Indonesia’ representative, welcoming MINURSO’s mandate renewal, said the text carefully reflects the delicate balance required by the situation.  Commending the constructive engagement of all parties within their ongoing political process, he urged them to continue down the road of negotiations.

Côte d’Ivoire’s representative agreed that his delegation would have preferred a 12-month mandate extension to allow for better forward-planning in MINURSO’s activities.  He joined other speakers in welcoming the Personal Envoy’s work, as well as Morocco’s “serious and credible” autonomy initiative.

The representative of the United Kingdom said the resolution adopted today sends a strong signal of the Council’s support for both MINURSO and the Personal Envoy’s efforts.  Encouraging the parties and neighbouring States to continue their negotiations and to refrain from any activities that could undermine those talks or escalate tensions, he voiced regret that the Council was unable to speak with one voice.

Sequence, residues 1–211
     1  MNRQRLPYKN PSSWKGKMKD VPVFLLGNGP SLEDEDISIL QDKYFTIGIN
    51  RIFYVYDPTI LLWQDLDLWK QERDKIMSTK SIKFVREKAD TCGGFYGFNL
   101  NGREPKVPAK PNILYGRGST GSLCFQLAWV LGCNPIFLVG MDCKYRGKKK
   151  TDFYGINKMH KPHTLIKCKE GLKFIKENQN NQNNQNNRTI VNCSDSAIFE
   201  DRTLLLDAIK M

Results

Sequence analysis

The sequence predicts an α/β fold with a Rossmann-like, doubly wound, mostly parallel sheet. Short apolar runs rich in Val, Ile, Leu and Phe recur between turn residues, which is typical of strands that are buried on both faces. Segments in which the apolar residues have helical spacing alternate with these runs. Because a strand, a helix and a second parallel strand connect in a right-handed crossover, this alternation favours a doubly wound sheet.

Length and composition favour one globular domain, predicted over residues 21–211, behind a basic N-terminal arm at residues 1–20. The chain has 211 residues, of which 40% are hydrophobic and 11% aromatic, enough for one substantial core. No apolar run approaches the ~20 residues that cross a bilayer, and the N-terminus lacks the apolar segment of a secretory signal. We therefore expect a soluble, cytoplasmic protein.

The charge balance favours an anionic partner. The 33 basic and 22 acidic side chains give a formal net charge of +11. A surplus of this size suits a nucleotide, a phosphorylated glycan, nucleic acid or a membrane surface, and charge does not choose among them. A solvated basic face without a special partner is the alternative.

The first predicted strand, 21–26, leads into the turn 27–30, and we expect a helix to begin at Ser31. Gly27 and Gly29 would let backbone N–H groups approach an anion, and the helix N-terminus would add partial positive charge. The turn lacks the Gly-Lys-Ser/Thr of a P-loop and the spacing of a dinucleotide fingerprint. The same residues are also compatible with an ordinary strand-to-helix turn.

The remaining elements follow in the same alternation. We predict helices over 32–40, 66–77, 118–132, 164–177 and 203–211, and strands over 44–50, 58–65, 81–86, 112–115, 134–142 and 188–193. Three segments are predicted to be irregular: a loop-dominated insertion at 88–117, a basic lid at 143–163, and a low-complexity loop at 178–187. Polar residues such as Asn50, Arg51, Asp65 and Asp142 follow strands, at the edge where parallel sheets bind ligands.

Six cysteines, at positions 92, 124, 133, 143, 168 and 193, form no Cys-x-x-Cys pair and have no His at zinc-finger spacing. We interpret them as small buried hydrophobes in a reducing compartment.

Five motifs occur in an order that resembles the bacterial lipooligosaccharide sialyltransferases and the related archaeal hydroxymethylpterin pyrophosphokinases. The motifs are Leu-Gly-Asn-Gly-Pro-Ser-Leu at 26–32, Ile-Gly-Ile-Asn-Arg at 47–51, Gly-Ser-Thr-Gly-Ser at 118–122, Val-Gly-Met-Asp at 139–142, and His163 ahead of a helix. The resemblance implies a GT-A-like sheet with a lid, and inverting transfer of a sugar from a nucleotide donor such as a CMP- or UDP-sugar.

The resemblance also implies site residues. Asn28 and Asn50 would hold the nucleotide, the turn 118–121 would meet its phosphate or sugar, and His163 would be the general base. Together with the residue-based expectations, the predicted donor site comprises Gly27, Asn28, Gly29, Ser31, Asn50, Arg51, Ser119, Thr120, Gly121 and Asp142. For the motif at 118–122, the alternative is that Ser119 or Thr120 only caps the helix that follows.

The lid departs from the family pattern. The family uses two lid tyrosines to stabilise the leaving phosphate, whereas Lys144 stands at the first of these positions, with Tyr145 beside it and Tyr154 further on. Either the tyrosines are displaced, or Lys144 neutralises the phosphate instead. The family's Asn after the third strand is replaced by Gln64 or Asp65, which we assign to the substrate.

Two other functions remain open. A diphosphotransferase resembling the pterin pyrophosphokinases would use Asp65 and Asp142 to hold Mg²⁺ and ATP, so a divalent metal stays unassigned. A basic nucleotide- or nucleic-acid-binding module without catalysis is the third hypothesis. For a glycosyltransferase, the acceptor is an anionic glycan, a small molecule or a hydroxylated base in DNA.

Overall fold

Kuwait’s representative, noting that his delegation would have preferred a 12-month extension, as well as a consensus adoption, nevertheless voiced support for MINURSO’s work, as well as that of the Personal Envoy.

The representative of Equatorial Guinea reaffirmed his delegation’s support for both MINURSO and the Personal Envoy.  Welcoming recent negotiations, he encouraged the parties to continue down that path in good faith and without preconditions.  Like others, Equatorial Guinea would have preferred a 12-month renewal, but given that was not the case, he expressed hope that a longer renewal will be considered when the mandate comes up for consideration again in October.